The FGI Pond Leakage Calculator Geomembranes v. Compacted Clay Liners
Fresh water is a precious resource with demands rising daily and supply greatly fluctuating. Only two (2) percent of all water on Earth is fresh water with the other 98% being salt water. This 2% of fresh water is comprised of: 87% ice, 12% groundwater, and 1% rivers and lakes. Thus, only 13% of the available freshwater is readily accessible. Therefore, it is imperative that we capture and hold these limited water resources for agriculture, domestic use, and industry and also protect valuable groundwater from surface or subsurface contamination.
The FGI’s Pond Leakage Calculator is a Microsoft EXCEL spreadsheet based on Darcy's Law of Seepage and provides a comparison between leakage rates from a canal, pond, or reservoir constructed with compacted fine-grained soils and a geomembrane liner system. The Leakage Calculator allows the user to input the size of the containment basin (including length, width, depth, side slope angle and freeboard), the anticipated level of hydraulic conductivity of the compacted soil or geomembrane liner, and the relative cost of water in dollars per acre-foot of water.
The Calculator then calculates the volume of the basin in gallons, a comparison of leakage rates between the compacted soil and geomembrane liner systems in gallons, and the cost of the leakage based on the cost of water per acre-foot to replace it. This Calculator is designed to help consultants, engineers, architects, and end users decide how to line their canals, ponds, reservoirs, and basins to capture and/or protect valuable fresh water. The Calculator does not consider variances in construction quality and operational techniques on the long-term effectiveness of the chosen liner system. The FGI has additional research and publications to help with other aspects of successful water containment applications.
Types of Geomembranes Four (4) popular types of geomembranes are available for pond liner systems. These four (4) geomembranes in ALPHABETICAL order are: (1) EPDM, (2) reinforced polyethylene (RPE), (3) Polypropylene (PP), and (4) Polyvinyl Chloride (PVC). EPDM (Ethylene Propylene Diene Monomer) geomembranes are unreinforced and have been used for the construction of ponds of varying kinds. EPDM geomembranes are made from rubber and can be welded together with tape and primer. EPDM can be reinforced or unreinforced. RPE geomembranes have a high tensile strength and puncture resistance because they are reinforced. RPE geomembranes also can be welded with heat. PP geomembranes can be unreinforced or reinforced depending on the application. Reinforced PP geomembranes also have a high tensile strength and puncture resistance because they are reinforced. PVC geomembranes are also unreinforced and have been used successfully for decades in water canals, ponds, and reservoirs. PVC geomembranes can be welded with heat and/or solvents.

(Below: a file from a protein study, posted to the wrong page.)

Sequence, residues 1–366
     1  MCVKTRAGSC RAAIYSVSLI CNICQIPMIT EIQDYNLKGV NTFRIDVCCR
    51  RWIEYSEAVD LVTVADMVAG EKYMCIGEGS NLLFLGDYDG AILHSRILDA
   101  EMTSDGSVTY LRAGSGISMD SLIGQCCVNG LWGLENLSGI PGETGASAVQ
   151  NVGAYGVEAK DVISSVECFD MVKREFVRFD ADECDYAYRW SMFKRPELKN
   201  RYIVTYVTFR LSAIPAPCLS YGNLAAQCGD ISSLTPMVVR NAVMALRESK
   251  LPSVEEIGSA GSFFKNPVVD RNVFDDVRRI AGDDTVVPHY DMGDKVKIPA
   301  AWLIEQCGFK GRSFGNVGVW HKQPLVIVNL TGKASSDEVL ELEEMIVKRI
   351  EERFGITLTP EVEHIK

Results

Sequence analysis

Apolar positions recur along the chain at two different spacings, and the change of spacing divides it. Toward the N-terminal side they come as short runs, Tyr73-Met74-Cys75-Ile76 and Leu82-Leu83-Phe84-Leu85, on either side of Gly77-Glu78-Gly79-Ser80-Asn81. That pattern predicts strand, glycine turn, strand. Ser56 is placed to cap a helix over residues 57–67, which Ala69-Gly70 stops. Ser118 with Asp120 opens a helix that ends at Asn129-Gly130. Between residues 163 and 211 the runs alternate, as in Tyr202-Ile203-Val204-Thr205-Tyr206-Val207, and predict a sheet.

Please click below to access FGI’s Pond Leakage Calculator.
The Fabricated Geomembrane Institute (FGI) is pleased to welcome its newest consultant member– New Zealand’s leading environmental and engineering consultancy, Tonkin +Taylor. Head-quartered in Auckland (NZ), Tonkin + Taylor operates throughout the South Pacific, Australasia and Southern Asian region. The company is 100% employee owned and operated and is highly experienced and skilled at delivering significant solid waste, transport,utilities, coastal management, flood protection and climate change adaptation capital works programs. Their FGI liaison is senior civil/environmental engineer Jonathan Shamrock, JShamrock@tonkintaylor.co.nz. Please help us welcome Tonkin + Taylor to the FGI!!!!
Timothy Stark Participates in ACIGS International Speaker Series
The Australasian Chapter of the International Geosynthetics Society (ACIGS) recently hosted their International Speakers Series in Australia and New Zealand.
The New Zealand seminar was held in Auckland on Monday, February 18, 2019 and presented by Timothy Stark, Professor of Geotechnical Engineering in the Department of Civil and Environmental Engineering at the University of Illinois at Urbana–Champaign. Important lessons were learned by the 40 delegates attending the seminar about current best practice use of geosynthetics for embankment and lined waste containment facilities based on current research and from analysis of real life case studies of failures.
Professor Stark presented on the following topics:
Geosynthetic Interface Testing and Selection for Static and Seismic Stability where he explained the importance of interface shear testing for geosynthetic lined slopes, the correct test methods to use, and the interpretation of these test results.
Vertical Geosynthetic Drain Analyses for Embankment Failure on Soft Soil were he presented case histories illustrating design parameters for prefabricated vertical (wick) drains and their practical implications for stability of embankments.
Seismic Stability of a Geosynthetic Lined Slope where he presented, using a case study, the importance of designing for peak and residual shear strength on landfill liner systems base and side slopes respectively and the appropriate factors of safety to use for the design cases.
Elevated Temperatures in Waste Containment Facilities and Effect on Geosynthetic Service Life and Facility Design where he presented on the causes and implications for geosynthetic service life of elevated temperatures in waste containment facilities.